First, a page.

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Surely this would make the two magnetic fields interact and if movement was made impossible, the stronger magnetic field would block the weaker electromagnetic filed. Am I right (presuming that the magnetic field is stronger than the electromagnetic field created by the electricity)?

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closed as unclear what you're asking by Alfred Centauri, Aaron Stevens, Jon Custer, Rory Alsop, Cosmas Zachos Apr 11 at 11:19

Please clarify your specific problem or add additional details to highlight exactly what you need. As it's currently written, it’s hard to tell exactly what you're asking. See the How to Ask page for help clarifying this question. If this question can be reworded to fit the rules in the help center, please edit the question.

  • $\begingroup$ there is magnetic field, and there is electric field, and then came Maxwell with his equations and showed that there is an electromagnetic field i.e. light. there is some confusion in the notions you have . Why not start from here en.wikipedia.org/wiki/… . On the left are the laws known before maxwell. click on the links to see what they were about. $\endgroup$ – anna v Apr 8 at 11:36
  • $\begingroup$ really what im asking is would a magnetic field conflicting with an electromagnetic field affect the electricity causing this? $\endgroup$ – rg123321 Apr 9 at 15:32
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There are a few things that need to be cleared:

  1. now we know that there is a field called EM field, which unifies both electric and magnetic fields.

  2. the expression electric field and magnetic field is observer dependent, one observer might see the same field as magnetic, another observer as electric

So basically you are asking whether if there are two EM fields, will they conflict or interact with the field itself.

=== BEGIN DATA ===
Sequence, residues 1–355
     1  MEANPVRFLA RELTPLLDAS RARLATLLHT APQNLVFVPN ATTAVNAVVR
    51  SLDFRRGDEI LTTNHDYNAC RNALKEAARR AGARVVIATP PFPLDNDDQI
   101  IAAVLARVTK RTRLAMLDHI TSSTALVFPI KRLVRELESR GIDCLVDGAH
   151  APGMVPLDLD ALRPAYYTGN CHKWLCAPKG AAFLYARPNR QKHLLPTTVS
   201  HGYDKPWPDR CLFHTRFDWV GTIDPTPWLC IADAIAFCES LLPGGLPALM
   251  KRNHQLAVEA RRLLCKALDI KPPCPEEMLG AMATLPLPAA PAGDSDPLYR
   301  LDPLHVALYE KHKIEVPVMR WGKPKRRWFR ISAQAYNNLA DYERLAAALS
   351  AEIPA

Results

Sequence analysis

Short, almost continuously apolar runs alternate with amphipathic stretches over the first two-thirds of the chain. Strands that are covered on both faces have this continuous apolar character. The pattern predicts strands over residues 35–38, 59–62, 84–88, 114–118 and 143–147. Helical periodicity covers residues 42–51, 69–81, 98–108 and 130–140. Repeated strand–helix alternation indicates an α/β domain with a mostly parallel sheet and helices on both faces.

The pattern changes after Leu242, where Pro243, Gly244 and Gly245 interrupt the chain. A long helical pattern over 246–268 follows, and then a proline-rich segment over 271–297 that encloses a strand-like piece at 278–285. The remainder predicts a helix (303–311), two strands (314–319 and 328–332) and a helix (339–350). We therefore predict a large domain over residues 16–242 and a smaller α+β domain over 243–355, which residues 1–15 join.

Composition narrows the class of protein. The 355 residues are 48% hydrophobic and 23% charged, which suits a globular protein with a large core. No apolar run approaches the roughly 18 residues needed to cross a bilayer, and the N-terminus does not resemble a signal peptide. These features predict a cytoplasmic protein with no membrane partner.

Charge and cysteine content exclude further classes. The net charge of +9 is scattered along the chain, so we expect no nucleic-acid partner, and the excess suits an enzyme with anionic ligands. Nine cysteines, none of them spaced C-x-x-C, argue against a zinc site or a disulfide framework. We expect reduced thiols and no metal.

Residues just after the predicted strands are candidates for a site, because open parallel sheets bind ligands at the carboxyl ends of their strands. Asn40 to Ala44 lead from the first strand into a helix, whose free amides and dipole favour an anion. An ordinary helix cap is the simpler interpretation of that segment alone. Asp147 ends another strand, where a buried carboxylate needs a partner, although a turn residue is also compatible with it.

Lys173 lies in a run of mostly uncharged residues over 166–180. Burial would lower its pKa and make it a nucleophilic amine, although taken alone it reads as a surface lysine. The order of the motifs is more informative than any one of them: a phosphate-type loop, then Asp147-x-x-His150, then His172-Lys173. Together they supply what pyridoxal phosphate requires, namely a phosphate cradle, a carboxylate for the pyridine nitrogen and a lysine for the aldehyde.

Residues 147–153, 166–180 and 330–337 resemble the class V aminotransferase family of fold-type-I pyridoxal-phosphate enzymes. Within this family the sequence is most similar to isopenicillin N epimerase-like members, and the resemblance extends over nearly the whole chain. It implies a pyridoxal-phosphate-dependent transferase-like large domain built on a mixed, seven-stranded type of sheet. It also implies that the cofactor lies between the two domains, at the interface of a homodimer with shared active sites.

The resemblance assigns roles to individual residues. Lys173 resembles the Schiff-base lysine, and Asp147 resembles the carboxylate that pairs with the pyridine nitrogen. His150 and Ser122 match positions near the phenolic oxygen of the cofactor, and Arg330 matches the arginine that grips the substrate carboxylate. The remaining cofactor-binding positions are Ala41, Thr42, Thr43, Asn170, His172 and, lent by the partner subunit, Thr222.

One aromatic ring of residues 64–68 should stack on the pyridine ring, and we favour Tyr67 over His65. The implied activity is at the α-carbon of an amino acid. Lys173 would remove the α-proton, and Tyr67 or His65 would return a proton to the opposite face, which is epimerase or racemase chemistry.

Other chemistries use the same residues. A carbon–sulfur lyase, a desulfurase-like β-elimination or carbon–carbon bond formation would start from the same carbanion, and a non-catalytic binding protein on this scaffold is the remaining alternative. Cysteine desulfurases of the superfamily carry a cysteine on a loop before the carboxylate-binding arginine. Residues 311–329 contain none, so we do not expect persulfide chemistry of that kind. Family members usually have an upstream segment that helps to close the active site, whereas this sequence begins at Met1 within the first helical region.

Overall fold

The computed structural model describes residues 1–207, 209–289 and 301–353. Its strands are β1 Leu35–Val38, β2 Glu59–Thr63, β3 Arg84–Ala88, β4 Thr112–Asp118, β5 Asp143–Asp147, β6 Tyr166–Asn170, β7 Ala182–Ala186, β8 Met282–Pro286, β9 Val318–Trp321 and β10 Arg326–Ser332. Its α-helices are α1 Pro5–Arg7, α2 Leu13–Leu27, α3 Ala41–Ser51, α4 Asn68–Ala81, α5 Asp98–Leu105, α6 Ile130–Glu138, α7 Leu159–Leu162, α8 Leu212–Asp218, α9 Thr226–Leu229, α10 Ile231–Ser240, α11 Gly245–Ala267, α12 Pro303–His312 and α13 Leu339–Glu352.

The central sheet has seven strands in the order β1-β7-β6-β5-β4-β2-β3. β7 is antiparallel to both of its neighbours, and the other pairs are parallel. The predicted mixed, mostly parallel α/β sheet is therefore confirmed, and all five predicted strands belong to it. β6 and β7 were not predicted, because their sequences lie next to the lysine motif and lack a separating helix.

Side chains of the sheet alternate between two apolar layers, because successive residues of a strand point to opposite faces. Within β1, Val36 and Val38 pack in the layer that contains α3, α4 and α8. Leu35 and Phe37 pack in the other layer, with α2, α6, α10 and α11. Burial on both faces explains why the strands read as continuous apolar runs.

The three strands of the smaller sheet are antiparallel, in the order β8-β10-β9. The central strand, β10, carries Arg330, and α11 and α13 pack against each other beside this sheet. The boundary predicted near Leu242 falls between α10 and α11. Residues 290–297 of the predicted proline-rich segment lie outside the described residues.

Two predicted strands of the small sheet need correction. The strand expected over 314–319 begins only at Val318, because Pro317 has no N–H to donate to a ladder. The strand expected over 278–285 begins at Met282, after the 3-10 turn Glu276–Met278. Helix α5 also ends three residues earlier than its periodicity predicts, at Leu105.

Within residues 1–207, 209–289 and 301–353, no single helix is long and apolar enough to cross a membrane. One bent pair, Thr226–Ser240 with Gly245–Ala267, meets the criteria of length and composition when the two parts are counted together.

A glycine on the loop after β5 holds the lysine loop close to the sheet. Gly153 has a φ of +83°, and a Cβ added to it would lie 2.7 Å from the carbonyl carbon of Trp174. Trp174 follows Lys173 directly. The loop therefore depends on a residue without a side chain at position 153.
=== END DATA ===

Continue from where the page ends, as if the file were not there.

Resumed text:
Now let's say you have two charges (electrons), they will create an EM field around themselves. These fields will affect both the other charges, that is when the EM field of one charge will interact with the other charge.

This is what we call the near field, and let's assume you are asking about that.

Basically you are asking whether two near fields affect each other. This would mean that the near fields, if they would have an edge, would affect each other without affecting the charge itself (from far away).

You are mistaking the interaction by assuming that the near fields will interact themselves, repelling in this case. It is not true. What creates the repulsive force between two electrons, is when the near field of one charge interacts with the other charge. And vica versa.

We use virtual particles in the mathematical description of the near fields, to describe the interaction, because truly, we do not know what or how interacts.

You are asking whether when the edges of the near fields touch, will they repel, they will not. The near fields of the two charges themselves will not interact in this way. The interaction is always between the charge and another field.

The magnetic and electric fields are observer dependent, but let's assume you are asking from one observer's frame. Now if there is a magnetic field from this observer's view and another electric field, then you are asking whether the magnetic field (created by one charge) will affect the other charge (that creates the electric field). Yes it could affect it. But how could it stop it?

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